Why Haven’t You Heard This Band?

(JUS POST BELLUM)

Jus Post Bellum

The Brooklyn band Jus Post Bellum loves the Civil War more than most. They write sincere songs about John Wilkes Booth, cotton gins, sons of sharecroppers, Stonewall Jackson, and Confederate clarions, all with a passionate immediacy that conjures Colin Meloy at his best.

Timeless songs for these fast, forgetful times.

Jus Post Bellum

They compose their dusty folk songs in multiple movements in the fashion of your favorite Fleet Foxes tunes, and I would put them in league with any of your favorite singer/songwriter, indie folk troupes without hesitation.

If you don’t believe me, you can ask my six year old daughter. She knows several of their songs by heart and enjoys them heartily. Wait, actually you can’t ask her,  that would be inappropriate.

Their sophomore album, Oh July, will be out soon, but their fantastic debut LP, Devil’s Winter, has been out for some time now.

So check them out already, will ya?

Jus Post Bellum

Addicted to Capital Children’s Choir

When I think of all of the senseless violence committed against children of all ages, and when I think of my own two daughters ages four and six, I can’t help from hurting when I hear the Capital Children’s Choir sing. While there is great sadness inside of me as they cover these songs, there is also a deep sense of pride and joy that something so simple as making sounds with your throat can sound so angelic.

Here are just a few of their many extraordinary covers. I do recommend sticking with each song all the way through, as they go through many movements of varying intensity and splendor.

Jason Molina Dies at 39

“Being in love means you are completely broken, then put back together. The one piece that was yours is beating in your lover’s breast. She says the same thing about hers.”

– Jason Molina (1972-2013)

Dear Jason,

It is hard to put into words what your music has meant to me over the years. I discovered you in 2000, and shortly after listening to Ghost Tropic, I knew I had found a kindred, damaged soul from the cold shores of the Great Lakes. I have watched you play tiny venues in Chicago, exchanged head nods with you near the side exit, and listened in awe to your words on stage, in my car, in my bedroom, on my computer, in the shower, and in my head. Over and again.

“You’ll never hear me talk about one day getting out. Why put a new address on the same old loneliness?”

All I can say is that your final act on this Earth was a sad one. Your tragic end is only made more tragic by how few people have been exposed to your work. In a world where we objectify and make a mockery of artists like Amy Winehouse, it is easy to forget the dangers of substance abuse in our fast times.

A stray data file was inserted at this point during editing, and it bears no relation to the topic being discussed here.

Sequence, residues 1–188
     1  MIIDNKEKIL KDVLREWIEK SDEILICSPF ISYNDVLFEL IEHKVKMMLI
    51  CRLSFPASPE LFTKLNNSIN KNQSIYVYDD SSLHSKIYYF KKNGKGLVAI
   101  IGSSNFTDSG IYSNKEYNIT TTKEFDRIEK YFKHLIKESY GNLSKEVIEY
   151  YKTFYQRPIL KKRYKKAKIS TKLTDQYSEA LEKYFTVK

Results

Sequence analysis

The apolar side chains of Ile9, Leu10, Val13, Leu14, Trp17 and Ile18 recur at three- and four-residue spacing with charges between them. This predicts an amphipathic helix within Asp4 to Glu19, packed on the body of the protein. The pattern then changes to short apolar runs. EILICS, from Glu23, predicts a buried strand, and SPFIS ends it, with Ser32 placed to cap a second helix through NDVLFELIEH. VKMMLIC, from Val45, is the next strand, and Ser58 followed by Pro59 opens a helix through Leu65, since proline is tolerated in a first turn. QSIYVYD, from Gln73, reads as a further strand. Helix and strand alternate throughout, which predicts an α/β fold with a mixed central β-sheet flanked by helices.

But there is pain, and then there is pain. I do not pretend to know the struggles you had suffered in life, but in many ways, you channeled that grief directly through your music, and it resonates in that black pit which lives inside each of us. That electric blanket of misery so tempting to cozy up with and get lost beneath.

“I lived low enough that the moon wouldn’t waste its light on me. What’s left in this life that would do the same for me?”

You are this generation’s Neil Young, our Leonard Cohen; with the pen, with your voice, and through your achingly honest tenor guitar. For those who have not heard your music, I urge them to begin now. Your catalog is staggering. There is not a more prolific musician of quality writing who has performed over the past fifteen years.

Selfishly, I wish you were still here to bless us with more material, to break our hearts and put them back together again. Selflessly, I thank you for your contributions not only to music, but in offering a therapeutic ‘thing’ which can be listened to, taken to heart, learned from, and made better by.

“Arrow find my chestnut heart, a shadow for conjuring. Big black eyes to hide my secrets in, and the map of the old horizon.”

You will be missed, Jason Molina.

Sincerely,

A Fan

 

Top 5 Things Worth Raising

5. A Glass

Nothing better then a well-timed toast.

4. Your Voice

When you want to be heard, just saying.

3. The Stakes

Every good story does this, so should you.

2. Cain

If raising your voice doesn’t work, give ‘em a little hell.

1. The Roof

You can tear it off, or raise it up, your choice.

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